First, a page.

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Topic: Managed to damage a power supply but can I fix it? (Read 994 times) previous topic - next topic

charlieb

Hi,

I scavenged a power supply from an old printer. It has outputs GND, +5v, -5v and +24v.

I managed to short across one of the +/-5v and the 24v leads. There was a little spark and now the +/-5v leads only output about +/-1-2v.

It's a switching power supply and looking at the board I don't see anything that's obviously burned but one of the regulators seems to be getting abnormally hot.

Does anyone have any suggestions for repair? If I can repair it then I can just use the printer board as-is for driving the steppers that I also salvaged.



semicolo

If the regulators are 7805 and 7905 you may be able to replace them.
But you probably have something shorting the outputs, pulling the voltage down because the current must be higher than expected, check for electrolytic capacitors and see if removing them helps (and replace them of course)

charlieb


charlieb

Good call!

I found a 16v 47uF electrolytic capacitor that's shorted. Now I have to find a replacement!


charlieb

So it turns out that I need a little more help ...

When I removed the cap that I thought was bad I still get continuity across it's connections on the board (I also discovered that the capactor settings on my multimeter don't work so that was fun.)
After staring at the board for a good long time I also took out the regulator - no change
Then I found a tiny zener diode and when I took that out the erroneous continuity went away.

I don't know much about such diodes but I was able to get continuity in both directions but maybe my multimeter was giving it enough voltage to let current flow backwards.

I put the multimeter on the diode checker setting and it gives me about 0.8 in both directions. According to the internets that means it's bad but how can I know what value zener to replace it with? It's far too tiny to have any markings on it that I can read.

semicolo

what kind of regulators are they?

how do you know it's a zener and not a standard diode?

charlieb

The regulator is 29M05 which comes up as a THREE-TERMINAL LOW DROPOUT VOLTAGE REGULATOR. I can't pretend to know what that means exactly but the datasheet says it'll give me 5 volts and I believe it. I also checked it's pins for shorts and it seems OK.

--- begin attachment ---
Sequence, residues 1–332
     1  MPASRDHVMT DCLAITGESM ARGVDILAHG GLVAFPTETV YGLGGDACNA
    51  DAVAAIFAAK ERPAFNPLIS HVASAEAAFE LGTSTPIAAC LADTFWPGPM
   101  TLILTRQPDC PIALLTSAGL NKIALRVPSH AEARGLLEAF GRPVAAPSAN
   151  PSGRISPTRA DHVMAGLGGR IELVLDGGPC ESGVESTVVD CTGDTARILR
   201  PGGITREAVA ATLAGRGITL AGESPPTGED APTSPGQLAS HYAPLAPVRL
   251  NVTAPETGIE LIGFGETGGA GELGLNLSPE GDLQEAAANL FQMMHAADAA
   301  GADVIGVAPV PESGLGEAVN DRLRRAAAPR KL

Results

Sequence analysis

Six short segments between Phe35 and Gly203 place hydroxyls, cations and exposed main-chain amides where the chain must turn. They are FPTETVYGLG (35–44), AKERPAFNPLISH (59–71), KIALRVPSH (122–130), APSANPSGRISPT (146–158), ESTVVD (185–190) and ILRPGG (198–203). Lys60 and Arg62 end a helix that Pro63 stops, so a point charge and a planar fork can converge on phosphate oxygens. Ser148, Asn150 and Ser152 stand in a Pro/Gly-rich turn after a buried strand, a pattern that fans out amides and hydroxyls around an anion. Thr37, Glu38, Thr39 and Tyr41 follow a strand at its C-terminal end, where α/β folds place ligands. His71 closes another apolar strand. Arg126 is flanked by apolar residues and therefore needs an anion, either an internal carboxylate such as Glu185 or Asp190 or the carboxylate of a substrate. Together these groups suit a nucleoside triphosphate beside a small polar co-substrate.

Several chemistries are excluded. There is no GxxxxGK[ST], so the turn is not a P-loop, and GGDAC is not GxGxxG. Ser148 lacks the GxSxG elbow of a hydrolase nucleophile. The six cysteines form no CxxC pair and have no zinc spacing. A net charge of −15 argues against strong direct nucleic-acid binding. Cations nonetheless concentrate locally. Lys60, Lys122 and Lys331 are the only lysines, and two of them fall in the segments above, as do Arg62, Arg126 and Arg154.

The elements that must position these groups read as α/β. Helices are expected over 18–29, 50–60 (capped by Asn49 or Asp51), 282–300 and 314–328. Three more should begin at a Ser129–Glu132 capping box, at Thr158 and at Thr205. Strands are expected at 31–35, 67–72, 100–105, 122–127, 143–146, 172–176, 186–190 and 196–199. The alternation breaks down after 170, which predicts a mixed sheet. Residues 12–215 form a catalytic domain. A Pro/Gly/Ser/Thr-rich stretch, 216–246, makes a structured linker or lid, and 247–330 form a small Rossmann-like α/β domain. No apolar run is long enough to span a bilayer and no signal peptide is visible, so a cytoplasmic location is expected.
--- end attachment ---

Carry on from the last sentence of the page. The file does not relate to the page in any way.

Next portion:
The diode I'm calling a zener is a tiny glass bead with a red tint. I assumed it was a zener because it looks like the ones I've seen online. That is an assumption on my part.

Those tiny little things are hard to photograph with a phone!

This is the best I could do, sorry it's not too clear but it's like 1mm long.

semicolo

Hard to tell, could be just a diode, if there's no regulator for the -5V, it's probably a 5V zener.

what's the voltage you get get on the input of the 29M05 (left pin when looking at the front)? should be between 6 and 16V, if it's lower than that, something else broke before the regulator.


MarkT

Frankly any semiconductor involved in the damaged supply rail is a candidate,
replacing them one-by-one till it works (starting with the cheapest) is a possible
strategy.

Might be easier to get another supply that has current limiting outputs (bomb-proof).
[ I won't respond to messages, use the forum please ]

charlieb

Quote
Might be easier to get another supply that has current limiting outputs (bomb-proof).


You're probably right but I've found that breaking things and forcing yourself to fix them is a great way to learn ;)

(more later)

charlieb

#10
Jul 03, 2013, 02:10 am Last Edit: Jul 03, 2013, 02:20 am by charlieb Reason: 1
I put the capacitor back and there's 9v on the regulator's input (8v after I re-installed the regulator) and 5v coming out of it.

Oh also I realized how I knew it was a zener diode ... durrr


(sorry for the giant image)
Output is on the left and yes, there is -5.8 backwards across the zener diode.

I guess that means it is the diode that went bad and maybe the capacitor too?

semicolo

Looks like you're almost good to go, replace the capacitor. If you don't plan to use the -5 output just leave it as is.

charlieb

Yes! I replaced the diode and the +5v line is restored.
I'm not sure what happened to the -5v line, maybe there's another burned component.

I plugged in the printer's mainboard and I was able to power it up and everything seems to work.

Thanks for all your help. I think I learned quite a few things, chief among them is not to put 24v through a 5v component!

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